Conditions for Gutenberg’s Success
Whether if lands in your dashboard now, or in April, or next year, there’s no doubt that the new WordPress editor that is Gutenberg will really shake things up. There’s a lot of dust that still hasn’t settled, and lots of opinions swirling about what it all means. (Fred’s good and thorough take is: “This Changes Everything: Gutenberg is Good Now”.)
One of the foremost thinkers on the topic is clearly Morten Rand-Hendriksen, who you might know from such things as asking a question at every WordCamp US, teaching at Lynda, and generally being a smart and interesting guy.
I really like Morten’s explanation of what he sees as necessary for Gutenberg to succeed. The short summary: (1) that it be accessible, (2) that WordPress doesn’t change when Gutenberg launches, and (3) that WordPress 5.0+ is treated as a fork of legacy WordPress. I intentionally am keeping those summaries short so we give Morten’s site some love.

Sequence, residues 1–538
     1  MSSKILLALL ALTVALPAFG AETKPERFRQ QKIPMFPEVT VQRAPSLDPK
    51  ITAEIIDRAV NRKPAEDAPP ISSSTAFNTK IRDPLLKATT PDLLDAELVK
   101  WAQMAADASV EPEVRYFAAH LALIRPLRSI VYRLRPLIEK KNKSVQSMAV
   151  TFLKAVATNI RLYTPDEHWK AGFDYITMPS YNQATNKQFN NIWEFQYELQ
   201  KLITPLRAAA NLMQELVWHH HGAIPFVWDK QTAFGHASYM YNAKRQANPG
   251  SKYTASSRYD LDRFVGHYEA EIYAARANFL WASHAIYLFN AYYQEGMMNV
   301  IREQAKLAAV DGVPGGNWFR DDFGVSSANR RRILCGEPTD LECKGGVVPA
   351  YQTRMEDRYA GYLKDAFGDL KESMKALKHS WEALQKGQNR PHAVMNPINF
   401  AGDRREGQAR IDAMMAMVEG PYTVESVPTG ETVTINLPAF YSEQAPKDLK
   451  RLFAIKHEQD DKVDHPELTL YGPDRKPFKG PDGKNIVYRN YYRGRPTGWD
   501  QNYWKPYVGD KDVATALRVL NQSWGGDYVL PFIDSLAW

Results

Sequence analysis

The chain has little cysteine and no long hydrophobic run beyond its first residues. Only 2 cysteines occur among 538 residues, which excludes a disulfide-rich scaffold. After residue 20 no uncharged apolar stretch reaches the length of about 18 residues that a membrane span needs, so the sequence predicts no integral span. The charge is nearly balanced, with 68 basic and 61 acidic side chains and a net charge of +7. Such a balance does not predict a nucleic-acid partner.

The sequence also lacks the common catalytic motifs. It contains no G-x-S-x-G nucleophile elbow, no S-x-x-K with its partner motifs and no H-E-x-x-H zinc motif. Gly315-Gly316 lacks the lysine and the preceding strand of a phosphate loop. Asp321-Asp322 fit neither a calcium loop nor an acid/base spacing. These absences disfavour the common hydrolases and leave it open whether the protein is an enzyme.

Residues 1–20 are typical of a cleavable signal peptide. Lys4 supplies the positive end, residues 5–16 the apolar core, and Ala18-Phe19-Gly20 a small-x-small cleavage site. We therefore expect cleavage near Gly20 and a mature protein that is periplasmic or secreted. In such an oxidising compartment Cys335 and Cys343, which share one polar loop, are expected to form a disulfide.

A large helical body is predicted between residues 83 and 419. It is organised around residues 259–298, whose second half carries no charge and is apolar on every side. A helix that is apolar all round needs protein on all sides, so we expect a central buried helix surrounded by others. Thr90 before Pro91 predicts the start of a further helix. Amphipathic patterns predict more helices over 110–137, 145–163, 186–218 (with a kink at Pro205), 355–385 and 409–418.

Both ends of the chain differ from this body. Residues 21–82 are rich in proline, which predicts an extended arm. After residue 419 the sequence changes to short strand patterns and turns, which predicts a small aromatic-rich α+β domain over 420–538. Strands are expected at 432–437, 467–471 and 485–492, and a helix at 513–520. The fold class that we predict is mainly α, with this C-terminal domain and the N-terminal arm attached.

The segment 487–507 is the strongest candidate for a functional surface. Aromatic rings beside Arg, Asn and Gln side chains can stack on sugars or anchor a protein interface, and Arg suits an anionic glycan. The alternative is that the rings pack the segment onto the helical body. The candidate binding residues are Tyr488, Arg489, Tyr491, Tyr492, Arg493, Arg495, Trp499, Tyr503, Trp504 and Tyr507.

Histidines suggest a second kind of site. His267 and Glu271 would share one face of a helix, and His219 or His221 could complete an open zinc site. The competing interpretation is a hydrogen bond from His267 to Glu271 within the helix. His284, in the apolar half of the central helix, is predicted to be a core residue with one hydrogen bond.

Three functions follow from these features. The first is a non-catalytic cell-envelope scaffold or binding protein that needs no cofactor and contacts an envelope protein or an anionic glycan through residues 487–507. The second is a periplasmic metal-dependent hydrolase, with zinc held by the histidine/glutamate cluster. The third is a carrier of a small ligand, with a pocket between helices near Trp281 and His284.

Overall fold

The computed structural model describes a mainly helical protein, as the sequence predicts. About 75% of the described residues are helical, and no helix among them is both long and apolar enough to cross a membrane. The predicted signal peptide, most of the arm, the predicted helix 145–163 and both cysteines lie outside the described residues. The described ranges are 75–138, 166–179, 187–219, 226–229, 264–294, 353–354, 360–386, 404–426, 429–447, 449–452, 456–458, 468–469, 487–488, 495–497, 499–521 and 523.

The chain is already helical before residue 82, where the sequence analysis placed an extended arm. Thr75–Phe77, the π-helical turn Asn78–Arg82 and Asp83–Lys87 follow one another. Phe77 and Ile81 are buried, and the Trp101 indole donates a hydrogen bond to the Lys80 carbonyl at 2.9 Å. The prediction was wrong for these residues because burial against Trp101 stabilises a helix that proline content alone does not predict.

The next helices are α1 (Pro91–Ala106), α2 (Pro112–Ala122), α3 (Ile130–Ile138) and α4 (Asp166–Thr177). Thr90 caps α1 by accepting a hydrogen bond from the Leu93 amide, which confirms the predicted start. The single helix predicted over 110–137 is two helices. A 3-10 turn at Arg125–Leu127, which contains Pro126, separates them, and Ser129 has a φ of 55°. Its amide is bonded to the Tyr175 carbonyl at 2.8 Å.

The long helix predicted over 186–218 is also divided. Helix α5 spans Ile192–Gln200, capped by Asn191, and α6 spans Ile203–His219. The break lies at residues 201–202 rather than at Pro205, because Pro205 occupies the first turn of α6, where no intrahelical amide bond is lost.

This core point, which he starts with as part of #2 I would like to see more widely covered:
During his State of the Word address at WordCamp US 2017, project lead Matt Mullenweg suggested Gutenberg would be “ready for the widest audience” in April 2018. The comment is ambiguous (view it for yourself here) and it is not clear whether he means the beta plugin is ready to be pushed to all WordPress users for testing or Gutenberg is ready for core merge or if he thinks Gutenberg will be merged in core and WordPress 5.0 will release in April. I think (hope) he means Gutenberg will be ready for full-scale testing in April and will be pushed out so people can test it before it is merged to core at that time.
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